contention last season, and could not afford to put up with bad Olson outings
the way that perennial cellar-dwellers like the Baltimore Orioles could in 2008.
So even though Olson's 2009 numbers were a substantial improvement over what he
managed in 2008, the M's put him in Triple-A for two stints totaling nearly two
months and shuttled him between the rotation and the bullpen while he was in the
majors And actually, in his 11 starts, Olson went 3-5 with a 6.49 ERA,
which isn't an improvement on his 2008 numbers.
Like Bonderman, Olson was 24 in his Redman season, so his failure to
recapture the success he had in the first half of 2008 is applicable to Edwin Jackson.
Derrick Turnbow 2006: 4-9, 6.87 in 56.1 IP
Derrick Turnbow 2007: 4-5, 4.63
in 68 IP
Derrick Turnbow 2008: 0-1 15.63 in 6.1 IP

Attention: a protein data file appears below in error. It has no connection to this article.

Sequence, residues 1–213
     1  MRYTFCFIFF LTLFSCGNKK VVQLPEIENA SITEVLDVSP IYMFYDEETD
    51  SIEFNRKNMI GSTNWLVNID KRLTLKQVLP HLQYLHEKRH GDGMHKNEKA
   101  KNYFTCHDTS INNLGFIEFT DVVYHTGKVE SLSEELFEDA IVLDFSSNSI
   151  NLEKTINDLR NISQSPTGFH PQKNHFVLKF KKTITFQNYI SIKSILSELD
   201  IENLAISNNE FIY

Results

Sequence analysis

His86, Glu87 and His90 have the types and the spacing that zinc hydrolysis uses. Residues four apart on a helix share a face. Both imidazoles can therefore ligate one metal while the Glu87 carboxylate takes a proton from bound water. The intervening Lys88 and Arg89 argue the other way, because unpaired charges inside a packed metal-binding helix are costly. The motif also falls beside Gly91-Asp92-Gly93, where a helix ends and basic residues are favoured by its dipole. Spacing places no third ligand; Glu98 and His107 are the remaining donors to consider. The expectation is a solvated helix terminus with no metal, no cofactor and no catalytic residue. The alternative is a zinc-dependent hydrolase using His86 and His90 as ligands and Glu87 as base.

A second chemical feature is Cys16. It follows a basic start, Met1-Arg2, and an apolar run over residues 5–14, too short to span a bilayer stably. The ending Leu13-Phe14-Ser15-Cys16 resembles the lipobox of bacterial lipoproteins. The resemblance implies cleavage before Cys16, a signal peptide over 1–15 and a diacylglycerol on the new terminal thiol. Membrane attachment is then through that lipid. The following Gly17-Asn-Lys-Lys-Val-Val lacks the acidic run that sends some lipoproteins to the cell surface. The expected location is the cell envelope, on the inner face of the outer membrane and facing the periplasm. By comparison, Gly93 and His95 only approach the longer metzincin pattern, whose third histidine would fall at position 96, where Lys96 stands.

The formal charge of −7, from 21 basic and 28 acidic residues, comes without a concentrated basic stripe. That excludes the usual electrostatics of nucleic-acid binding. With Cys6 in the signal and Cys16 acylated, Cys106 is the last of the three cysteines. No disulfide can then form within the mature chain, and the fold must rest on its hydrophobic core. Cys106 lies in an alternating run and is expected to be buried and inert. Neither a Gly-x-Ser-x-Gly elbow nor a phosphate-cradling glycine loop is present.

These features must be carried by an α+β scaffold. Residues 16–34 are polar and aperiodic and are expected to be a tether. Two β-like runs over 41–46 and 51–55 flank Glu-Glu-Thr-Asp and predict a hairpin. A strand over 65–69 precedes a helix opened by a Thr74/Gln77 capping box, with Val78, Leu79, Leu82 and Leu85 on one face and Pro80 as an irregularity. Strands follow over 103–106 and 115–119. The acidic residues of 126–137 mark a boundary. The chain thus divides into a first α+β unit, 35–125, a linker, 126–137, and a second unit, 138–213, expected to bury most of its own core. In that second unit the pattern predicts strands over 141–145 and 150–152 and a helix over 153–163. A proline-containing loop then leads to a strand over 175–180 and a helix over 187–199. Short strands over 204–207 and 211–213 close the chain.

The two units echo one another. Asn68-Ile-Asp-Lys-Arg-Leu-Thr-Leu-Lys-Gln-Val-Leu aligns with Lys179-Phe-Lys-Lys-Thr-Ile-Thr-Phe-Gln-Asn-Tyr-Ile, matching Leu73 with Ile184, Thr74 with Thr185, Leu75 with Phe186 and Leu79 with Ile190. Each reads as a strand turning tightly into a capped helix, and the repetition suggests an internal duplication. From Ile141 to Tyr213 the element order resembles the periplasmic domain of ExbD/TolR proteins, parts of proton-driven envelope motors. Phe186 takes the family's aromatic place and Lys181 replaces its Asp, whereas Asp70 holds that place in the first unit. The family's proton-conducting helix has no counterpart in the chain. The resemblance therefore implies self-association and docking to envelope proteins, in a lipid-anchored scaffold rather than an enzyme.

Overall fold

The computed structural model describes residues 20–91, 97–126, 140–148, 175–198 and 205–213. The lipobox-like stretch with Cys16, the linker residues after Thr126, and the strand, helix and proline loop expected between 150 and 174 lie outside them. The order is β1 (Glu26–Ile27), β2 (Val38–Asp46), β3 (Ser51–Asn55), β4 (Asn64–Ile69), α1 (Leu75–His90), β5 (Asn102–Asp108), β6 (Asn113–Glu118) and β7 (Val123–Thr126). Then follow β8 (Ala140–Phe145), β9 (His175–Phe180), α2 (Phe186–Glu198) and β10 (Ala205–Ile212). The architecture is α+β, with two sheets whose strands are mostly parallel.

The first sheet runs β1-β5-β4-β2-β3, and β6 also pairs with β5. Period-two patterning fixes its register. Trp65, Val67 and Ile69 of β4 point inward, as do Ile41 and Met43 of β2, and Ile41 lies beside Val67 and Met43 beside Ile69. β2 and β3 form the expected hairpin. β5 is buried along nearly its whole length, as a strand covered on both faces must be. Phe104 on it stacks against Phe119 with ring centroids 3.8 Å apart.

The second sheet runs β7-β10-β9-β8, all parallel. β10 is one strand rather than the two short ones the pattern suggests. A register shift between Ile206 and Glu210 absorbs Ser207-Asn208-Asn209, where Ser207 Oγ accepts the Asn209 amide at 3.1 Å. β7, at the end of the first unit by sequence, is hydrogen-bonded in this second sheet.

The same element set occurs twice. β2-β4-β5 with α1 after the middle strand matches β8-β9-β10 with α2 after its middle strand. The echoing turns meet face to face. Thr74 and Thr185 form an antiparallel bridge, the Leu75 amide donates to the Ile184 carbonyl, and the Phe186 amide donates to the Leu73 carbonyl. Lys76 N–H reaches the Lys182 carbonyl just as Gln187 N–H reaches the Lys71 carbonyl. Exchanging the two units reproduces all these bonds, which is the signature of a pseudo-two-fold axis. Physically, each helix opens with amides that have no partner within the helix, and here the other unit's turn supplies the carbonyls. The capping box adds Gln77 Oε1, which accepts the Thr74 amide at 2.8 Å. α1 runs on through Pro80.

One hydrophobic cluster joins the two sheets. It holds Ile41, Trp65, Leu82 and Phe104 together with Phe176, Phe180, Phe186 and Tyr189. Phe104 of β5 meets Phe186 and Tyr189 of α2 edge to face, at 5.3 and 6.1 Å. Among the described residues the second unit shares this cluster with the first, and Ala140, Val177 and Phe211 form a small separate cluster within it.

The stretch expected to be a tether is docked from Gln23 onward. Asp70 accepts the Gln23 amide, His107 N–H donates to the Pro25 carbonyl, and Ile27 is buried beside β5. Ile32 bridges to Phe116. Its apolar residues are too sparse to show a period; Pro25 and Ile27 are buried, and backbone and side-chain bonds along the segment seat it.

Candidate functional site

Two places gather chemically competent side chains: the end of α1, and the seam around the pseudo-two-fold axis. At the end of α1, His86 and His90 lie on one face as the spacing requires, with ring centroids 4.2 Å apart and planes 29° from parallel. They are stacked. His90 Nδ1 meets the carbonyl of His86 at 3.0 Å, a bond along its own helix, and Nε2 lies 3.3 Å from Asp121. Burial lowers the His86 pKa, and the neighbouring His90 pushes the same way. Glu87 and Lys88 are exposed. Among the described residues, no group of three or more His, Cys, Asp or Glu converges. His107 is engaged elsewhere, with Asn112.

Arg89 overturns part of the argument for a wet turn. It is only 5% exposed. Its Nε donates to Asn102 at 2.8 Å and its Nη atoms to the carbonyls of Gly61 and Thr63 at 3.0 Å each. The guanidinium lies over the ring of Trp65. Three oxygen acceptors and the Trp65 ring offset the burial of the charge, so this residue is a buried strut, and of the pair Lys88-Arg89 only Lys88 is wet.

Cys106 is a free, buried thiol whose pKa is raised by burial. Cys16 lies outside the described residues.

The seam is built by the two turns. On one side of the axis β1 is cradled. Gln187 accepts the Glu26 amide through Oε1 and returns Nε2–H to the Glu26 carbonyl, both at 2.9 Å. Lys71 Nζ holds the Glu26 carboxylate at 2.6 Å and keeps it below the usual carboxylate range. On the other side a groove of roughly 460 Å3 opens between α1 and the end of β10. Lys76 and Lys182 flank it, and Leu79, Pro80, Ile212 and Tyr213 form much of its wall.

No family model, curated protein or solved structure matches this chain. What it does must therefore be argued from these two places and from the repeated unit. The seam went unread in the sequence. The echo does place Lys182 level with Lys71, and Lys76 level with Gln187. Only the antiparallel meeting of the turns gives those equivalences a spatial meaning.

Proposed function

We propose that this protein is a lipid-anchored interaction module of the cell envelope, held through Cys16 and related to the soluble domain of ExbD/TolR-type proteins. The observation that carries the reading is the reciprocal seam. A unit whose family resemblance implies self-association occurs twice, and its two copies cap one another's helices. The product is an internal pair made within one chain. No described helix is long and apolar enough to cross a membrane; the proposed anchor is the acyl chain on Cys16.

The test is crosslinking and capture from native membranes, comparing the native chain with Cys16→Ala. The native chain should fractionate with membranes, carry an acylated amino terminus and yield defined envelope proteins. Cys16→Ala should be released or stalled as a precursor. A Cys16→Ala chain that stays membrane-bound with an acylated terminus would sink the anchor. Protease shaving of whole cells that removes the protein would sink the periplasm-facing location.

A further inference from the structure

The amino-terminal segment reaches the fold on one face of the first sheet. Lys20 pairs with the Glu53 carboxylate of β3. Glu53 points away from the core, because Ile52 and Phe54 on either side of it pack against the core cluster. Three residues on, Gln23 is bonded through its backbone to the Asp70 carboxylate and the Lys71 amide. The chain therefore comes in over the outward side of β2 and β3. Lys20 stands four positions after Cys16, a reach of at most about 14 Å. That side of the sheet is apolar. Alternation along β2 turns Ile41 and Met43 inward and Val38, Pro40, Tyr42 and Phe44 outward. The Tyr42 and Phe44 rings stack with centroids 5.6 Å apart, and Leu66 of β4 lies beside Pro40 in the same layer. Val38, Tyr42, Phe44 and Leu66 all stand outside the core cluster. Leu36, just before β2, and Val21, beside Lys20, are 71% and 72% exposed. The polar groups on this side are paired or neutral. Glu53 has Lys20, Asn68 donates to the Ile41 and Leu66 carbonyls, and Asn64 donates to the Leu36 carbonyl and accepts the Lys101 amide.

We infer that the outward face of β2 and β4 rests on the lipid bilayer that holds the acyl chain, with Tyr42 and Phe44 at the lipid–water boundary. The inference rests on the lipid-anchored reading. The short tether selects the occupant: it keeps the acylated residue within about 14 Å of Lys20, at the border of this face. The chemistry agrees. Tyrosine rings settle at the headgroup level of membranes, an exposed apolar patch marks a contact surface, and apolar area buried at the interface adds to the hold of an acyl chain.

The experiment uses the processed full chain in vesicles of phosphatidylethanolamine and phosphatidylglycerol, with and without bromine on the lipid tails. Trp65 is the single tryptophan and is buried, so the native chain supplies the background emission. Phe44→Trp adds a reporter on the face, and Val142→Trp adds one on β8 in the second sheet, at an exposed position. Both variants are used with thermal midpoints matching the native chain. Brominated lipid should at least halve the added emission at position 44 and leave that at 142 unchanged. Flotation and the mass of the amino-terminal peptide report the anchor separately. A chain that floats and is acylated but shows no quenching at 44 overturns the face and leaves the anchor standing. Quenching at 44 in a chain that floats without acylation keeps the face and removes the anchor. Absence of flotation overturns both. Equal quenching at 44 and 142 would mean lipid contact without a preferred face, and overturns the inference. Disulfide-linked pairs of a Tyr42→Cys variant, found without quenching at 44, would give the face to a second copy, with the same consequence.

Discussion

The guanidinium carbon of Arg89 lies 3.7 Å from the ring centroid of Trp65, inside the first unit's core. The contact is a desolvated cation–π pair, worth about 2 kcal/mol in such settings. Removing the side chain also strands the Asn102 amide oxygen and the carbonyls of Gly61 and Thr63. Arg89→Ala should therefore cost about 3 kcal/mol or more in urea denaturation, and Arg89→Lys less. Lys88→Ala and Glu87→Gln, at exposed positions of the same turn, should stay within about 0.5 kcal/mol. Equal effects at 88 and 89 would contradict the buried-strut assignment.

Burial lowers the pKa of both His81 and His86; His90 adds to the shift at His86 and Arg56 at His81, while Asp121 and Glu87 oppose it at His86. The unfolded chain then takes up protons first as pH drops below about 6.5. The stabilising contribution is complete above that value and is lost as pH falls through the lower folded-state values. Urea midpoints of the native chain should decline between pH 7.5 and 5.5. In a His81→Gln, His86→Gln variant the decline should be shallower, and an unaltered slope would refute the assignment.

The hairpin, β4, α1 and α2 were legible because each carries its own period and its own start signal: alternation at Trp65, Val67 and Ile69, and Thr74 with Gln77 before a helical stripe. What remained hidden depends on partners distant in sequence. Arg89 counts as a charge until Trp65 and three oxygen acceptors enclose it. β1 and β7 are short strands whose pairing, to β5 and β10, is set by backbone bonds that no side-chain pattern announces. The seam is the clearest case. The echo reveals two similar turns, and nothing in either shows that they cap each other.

Relievers are notoriously fickle. That said, Derrick Turnbow had one of
the most drastic turnarounds of any reliever in history. Turnbow was one
of the most effective closers in baseball in 2005. Four years later at the
age of 31, he was out of baseball. Clearly, the turning point was the
summer of 2006, although Turnbow was at least serviceable in 2007. His
situation is certainly different from Edwin Jackson's as a starter, but there's
no denying that his disastrous second half in 2006 was a bad omen of things to
John Maine 2007: 15-10, 3.91 in 191 IP
John Maine 2008: 10-8, 4.18 in 140
John Maine 2009: 7-6, 4.43 in 81.1 IP
Not much to analyze here. Maine has seen his effectiveness and
durability steadily decline in two years since winning a very tight Redman Award
over Jason Marquis. It is worth noting that Marquis has been pretty solid
over the past two seasons (although he still falters in the second half).